Sharing our memories of a remarkable man

This site is a tribute to Professor Mike Land FRS, who was born in Dartmouth on April 12, 1942 and died in Sussex on December 14, 2020.  Mike was a man of many talents and interests and will be greatly missed by family, friends and colleagues alike. Reflecting on Mike's life over the past couple of days, we were aware that none of us is able to tell the whole story of his rich and varied life.  We decided to set up this page, so that everyone who knew Mike could share their memories, stories and pictures and we can remember him together.  Please feel free to make a contribution. 

Fundraising

Fundraising for

Fundraising

Fundraising for

Contribute

Help grow Mike's Tribute by adding messages or memories you'd like to share.

Thoughts

Here is a link to an obituary of Mike by his great friend and collaborator, Dan Nilsson. https://jeb.biologists.org/content/jexbio/224/5/jeb242427.full.pdf
Adam March 19th, 2021
Mike made more interesting discoveries in biology than just about anyone else I can think of. I count myself lucky to have known him while I was a PhD student at Sussex in the mid-1970s. He was kind to me and I have good memories of trips to pubs, innumerable lunches and playing music at his house. He would call me into his office and show me his latest discoveries. I recall an eye with 3 parabolic lenses (I still have a photo he gave me) looking for all the world like an expensive Leica – he told me it was a modified nose. And there was another beast with I think just one photoreceptor which was scanned back and forth. At that time I think he also discovered the box-faceted eyes of crabs and lobsters that have since served as an inspiration for the design of X-ray telescopes. Had Darwin and Mike lived at the same time I suspect Darwin would have paid a lot of attention to Mike’s work, no doubt via a gentlemanly exchange of letters. And perhaps he would have been a bit less puzzled by the human eye, considering the extraordinary variety of designs unearthed by Mike in other animals. Mike also belonged to that same British tradition of using simple methods combined with astute powers of observation and deduction. We could do with a bit more of that in these days when data is mined often without any clear idea of what to do with it. In person, Mike reminded me a bit of a hobbit (I hope no one minds me saying this). I swear he had curly hair on his feet. It seemed to me that he had the same virtues as hobbits – good plain common sense, enjoyment of simple pleasures, a dislike of pretentiousness, a bit of stubbornness but not too much, perseverance and all those English virtues celebrated by Tolkien. It is too bad that he is no longer with us.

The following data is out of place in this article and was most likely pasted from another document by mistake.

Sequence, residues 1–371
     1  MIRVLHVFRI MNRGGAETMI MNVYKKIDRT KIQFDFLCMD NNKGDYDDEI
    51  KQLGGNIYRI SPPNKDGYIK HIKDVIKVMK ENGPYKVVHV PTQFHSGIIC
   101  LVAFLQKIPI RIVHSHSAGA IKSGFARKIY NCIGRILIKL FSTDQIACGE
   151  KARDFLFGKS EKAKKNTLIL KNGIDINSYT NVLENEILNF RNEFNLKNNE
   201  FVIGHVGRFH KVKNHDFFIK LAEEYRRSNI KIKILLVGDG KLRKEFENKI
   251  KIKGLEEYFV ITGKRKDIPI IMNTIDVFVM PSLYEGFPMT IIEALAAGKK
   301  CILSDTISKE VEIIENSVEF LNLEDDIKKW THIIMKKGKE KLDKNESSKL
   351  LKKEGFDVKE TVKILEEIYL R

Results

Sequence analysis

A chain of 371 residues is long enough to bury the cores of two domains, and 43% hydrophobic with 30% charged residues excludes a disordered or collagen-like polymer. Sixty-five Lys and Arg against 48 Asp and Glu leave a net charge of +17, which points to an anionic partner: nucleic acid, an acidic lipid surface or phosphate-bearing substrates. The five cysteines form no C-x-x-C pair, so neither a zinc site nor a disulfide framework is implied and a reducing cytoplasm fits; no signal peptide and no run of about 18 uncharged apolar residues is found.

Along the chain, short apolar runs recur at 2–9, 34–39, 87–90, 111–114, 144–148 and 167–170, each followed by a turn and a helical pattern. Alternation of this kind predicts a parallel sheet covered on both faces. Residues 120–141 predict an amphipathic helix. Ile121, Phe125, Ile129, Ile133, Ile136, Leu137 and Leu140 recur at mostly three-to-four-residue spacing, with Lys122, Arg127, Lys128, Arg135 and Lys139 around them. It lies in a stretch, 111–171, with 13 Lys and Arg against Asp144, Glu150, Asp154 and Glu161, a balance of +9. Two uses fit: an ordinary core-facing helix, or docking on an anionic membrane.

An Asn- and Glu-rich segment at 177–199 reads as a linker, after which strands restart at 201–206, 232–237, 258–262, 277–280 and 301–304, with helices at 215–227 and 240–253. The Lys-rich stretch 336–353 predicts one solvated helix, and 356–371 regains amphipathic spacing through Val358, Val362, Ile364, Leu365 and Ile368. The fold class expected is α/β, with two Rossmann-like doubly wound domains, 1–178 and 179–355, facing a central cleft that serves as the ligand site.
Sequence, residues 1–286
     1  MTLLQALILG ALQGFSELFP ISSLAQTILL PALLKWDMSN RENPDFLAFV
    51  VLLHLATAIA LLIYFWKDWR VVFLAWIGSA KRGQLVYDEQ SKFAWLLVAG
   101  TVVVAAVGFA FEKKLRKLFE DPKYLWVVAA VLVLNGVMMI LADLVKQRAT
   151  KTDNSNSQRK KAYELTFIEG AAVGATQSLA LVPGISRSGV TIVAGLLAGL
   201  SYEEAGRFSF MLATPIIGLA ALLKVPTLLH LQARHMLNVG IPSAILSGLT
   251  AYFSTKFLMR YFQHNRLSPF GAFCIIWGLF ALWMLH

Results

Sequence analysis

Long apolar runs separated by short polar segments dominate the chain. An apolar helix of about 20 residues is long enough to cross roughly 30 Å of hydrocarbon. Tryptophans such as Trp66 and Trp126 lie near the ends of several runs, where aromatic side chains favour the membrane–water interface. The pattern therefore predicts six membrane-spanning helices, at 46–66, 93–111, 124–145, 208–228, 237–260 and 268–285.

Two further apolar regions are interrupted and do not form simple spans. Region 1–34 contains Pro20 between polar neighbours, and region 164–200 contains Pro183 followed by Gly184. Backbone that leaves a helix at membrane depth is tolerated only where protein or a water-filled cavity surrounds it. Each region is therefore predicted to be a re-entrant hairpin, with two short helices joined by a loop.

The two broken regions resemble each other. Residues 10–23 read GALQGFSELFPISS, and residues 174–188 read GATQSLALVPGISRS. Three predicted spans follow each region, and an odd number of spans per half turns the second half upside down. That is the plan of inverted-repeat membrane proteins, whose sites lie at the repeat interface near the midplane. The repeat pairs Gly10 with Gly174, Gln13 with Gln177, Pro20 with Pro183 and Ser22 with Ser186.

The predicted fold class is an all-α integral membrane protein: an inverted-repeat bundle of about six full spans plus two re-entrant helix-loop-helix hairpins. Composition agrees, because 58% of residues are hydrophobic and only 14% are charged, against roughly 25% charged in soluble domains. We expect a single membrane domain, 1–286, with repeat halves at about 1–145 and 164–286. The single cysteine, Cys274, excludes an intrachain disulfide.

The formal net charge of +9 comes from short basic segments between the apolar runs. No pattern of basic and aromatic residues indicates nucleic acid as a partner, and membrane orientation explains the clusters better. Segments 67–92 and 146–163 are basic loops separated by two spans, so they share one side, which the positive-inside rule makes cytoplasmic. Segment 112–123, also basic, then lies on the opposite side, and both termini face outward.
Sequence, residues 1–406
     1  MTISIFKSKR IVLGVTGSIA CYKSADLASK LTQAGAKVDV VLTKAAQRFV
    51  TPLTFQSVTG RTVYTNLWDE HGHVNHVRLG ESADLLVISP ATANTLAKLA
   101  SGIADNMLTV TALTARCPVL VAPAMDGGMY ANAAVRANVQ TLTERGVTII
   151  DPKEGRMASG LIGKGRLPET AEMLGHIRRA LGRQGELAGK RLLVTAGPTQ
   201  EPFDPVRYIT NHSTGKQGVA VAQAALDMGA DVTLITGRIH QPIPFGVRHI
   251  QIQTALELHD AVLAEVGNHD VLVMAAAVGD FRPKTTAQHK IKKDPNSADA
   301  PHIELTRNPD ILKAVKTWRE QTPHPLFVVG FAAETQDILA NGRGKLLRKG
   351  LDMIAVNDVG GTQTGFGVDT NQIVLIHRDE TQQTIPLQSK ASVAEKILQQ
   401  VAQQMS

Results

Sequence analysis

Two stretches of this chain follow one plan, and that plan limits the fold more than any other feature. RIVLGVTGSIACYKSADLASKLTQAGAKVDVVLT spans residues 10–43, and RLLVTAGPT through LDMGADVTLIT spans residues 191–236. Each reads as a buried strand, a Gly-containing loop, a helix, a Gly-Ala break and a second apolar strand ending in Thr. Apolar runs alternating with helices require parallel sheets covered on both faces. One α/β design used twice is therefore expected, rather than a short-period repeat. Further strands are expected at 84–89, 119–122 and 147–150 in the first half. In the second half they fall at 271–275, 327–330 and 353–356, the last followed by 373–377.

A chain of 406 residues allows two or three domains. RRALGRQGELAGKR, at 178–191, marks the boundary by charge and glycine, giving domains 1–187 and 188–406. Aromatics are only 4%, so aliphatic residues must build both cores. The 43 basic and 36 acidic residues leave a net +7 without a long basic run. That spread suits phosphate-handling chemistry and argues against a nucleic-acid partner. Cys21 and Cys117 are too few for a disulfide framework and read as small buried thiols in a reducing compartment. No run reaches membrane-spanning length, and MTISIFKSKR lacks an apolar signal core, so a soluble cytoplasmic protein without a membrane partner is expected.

Nick February 3rd, 2021
What a tremendous loss. And what a tremendous privilege to have known and worked with Mike. I met him during my PhD time at the MBA in Plymouth in 2001 … or rather, at the very end because he was my external examiner. Gosh was I nervous to meet the man whose mathematical model of multilayer reflectors I had incorporated into my research and I felt more than nervous about the risk of possibly not being able to recall details of this method off the top of my head. But he loved my thesis and the work I had done and I had a truly energizing viva. After I finished my PhD, I joined Justin’s lab out in Brisbane and unbeknownst to me, Mike, Rosemary and Penny were there too. Mike was on sabbatical. Working with Mike was probably the high point of my post-doc time in Brisbane. We spent several field trips together on Heron and Stradbroke Island. On one particular evening on Straddie, Mike and I were standing at the fish tanks in the lab, each holding a beer (not sure how many we’d had by that point… we had spent the day collecting and setting up and had had an enjoyable “field trip style” dinner … probably pasta!). We were standing there, at the edge of this tank, staring at these fish. They were Paradise Whiptails, kind of simple fish, unless you start staring at them, the way we were doing. We didn’t say much, the water pumps were noisy and we were all pretty tired. All of a sudden, we looked up, and then looked at the fish again… it seemed like they had a colour changing stripe on their noses… Was that possible? Then Mike looked at me and he said: “I must have had too much to drink. Are you seeing this?” Well, fast-forward a few months and we had a paper in JEB about this story. I wanted to become a scientist because of people like Mike. For me, personally, he set the standards on many fronts. Like finding a way to do science with the means available to you; only buying fancy equipment if you need to, being generous about sharing and discussing ideas, helping in a constructive way, seeing the big picture, even if you’re looking at a fraction of a snapshot. Last but not least, his bubbly personality and infectious sense of humor were one of a kind. He will be thoroughly missed. Lydia
Lydia January 20th, 2021
Fundraising for
Recent Activity